• Disturbances in immune function — This can be caused by diseases like AIDS or the use of medications (e.g. corticosteroids) or chemotherapy.
  • Use of contact lenses — This increases the risk of developing keratitis, especially if a person has poor hygiene, is using improper solutions to store and clean the lenses, the contact lenses are worn improperly, or even if there are irritants.

Body systems harmed by keratitis

Keratitis may cause the following complications:

  • Blindness
  • Glaucoma — This is a condition involves pressure inside the eye that may cause vision problems.
  • Loss of vision
  • Permanent scarring
  • Ulcers on the cornea

However, if diagnosed early enough keratitis is often treatable.

Food items or nutrients that may prevent keratitis

The following foods or nutrients can help prevent keratitis:

  • Almonds — Almonds are full of vitamin E that can slow macular degeneration. Eat a handful, or an ounce, of almonds daily.
  • Citrus and berries — Citrus and berries are full of vitamin C that can lower the risk of developing macular degeneration and cataracts.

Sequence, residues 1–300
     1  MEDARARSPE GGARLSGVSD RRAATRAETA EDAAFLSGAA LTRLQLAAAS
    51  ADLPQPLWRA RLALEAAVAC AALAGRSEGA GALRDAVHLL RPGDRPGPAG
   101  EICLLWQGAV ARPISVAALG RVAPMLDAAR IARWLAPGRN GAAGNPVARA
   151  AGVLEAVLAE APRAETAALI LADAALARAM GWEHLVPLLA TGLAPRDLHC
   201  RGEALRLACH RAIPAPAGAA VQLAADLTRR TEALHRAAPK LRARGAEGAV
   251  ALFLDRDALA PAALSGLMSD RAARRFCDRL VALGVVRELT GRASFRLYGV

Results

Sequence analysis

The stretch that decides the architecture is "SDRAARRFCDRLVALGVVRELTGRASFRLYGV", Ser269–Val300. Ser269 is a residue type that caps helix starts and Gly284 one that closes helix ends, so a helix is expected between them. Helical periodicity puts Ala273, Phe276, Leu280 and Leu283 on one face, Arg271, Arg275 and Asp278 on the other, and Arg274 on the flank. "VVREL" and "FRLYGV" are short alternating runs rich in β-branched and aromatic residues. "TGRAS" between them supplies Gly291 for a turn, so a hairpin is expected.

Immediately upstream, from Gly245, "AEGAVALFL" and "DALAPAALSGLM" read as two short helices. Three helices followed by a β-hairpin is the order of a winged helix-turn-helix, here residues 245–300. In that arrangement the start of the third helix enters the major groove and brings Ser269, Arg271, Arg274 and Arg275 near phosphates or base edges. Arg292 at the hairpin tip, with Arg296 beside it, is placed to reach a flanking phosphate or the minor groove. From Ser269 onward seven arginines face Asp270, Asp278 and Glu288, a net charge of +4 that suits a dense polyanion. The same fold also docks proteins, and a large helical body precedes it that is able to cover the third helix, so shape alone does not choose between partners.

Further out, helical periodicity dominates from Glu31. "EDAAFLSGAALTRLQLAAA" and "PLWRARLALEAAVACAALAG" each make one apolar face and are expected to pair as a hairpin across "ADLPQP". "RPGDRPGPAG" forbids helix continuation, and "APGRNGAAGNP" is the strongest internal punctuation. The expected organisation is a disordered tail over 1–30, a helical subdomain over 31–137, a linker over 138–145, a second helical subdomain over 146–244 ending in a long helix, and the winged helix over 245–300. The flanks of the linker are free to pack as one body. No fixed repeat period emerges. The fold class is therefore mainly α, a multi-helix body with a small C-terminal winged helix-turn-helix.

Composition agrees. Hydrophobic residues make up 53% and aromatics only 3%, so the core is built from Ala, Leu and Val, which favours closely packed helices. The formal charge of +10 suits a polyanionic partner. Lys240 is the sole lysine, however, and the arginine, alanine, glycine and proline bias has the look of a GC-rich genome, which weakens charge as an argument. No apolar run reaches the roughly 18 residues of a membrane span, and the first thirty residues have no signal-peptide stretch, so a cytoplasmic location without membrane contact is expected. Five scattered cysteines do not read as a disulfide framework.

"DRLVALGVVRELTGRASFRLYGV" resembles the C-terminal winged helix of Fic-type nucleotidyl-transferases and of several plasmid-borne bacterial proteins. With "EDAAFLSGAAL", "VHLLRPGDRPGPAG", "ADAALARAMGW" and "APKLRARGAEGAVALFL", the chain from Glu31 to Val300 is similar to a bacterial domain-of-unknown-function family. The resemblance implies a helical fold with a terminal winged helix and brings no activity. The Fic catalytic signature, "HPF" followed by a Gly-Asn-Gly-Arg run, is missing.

• Eggs — Egg yolks are rich in lutein and zeaxanthin, two antioxidants which can help lower the risk of developing macular degeneration and cataracts. Additionally, yolks have zinc that can also help lower macular degeneration risk.
  • Fatty fish — Fatty fish like anchovies, mackerel, salmon, trout, and tuna contain docosahexaenoic acid (DHA), a fatty acid found in the retina. Low levels of DHA are connected with dry eye syndrome.
  • Leafy greens — Leafy greens are also rich in lutein and zeaxanthin.

Treatments, management plans for keratitis

Treatment of keratitis often depends on the cause of the condition.

  • If there is mild injury to the cornea (e.g. a scratched cornea), there is no specific treatment required. A healthcare professional may prescribe an antibiotic ointment for comfort.
  • If the keratitis is due to herpes simplex or the herpes zoster virus that causes shingles, a healthcare professional will prescribe antiviral eye drops, an antiviral oral medication, or both. Bacterial keratitis requires antibiotics.